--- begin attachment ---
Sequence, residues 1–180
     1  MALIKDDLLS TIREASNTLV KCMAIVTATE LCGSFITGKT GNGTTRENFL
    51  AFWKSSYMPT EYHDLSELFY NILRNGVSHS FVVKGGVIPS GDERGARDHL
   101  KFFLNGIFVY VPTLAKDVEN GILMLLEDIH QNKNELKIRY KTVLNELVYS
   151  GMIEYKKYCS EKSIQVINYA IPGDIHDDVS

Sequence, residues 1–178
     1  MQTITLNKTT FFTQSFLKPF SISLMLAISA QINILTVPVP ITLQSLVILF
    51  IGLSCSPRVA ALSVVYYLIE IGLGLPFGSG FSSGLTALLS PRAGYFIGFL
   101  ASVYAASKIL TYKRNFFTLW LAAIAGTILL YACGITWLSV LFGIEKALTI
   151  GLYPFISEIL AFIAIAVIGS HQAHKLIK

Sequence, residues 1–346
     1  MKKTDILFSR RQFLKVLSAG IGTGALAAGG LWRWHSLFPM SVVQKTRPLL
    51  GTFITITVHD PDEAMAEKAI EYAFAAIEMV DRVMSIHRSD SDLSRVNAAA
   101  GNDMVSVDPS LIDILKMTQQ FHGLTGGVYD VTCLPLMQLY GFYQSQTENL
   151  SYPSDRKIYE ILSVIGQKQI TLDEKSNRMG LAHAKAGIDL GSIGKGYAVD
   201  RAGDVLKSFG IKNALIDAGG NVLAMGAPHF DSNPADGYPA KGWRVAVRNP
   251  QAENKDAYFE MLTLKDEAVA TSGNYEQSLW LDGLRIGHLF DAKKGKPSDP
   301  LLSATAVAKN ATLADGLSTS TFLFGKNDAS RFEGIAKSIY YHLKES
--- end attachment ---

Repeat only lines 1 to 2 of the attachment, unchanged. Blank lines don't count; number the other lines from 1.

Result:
Sequence, residues 1–180
     1  MALIKDDLLS TIREASNTLV KCMAIVTATE LCGSFITGKT GNGTTRENFL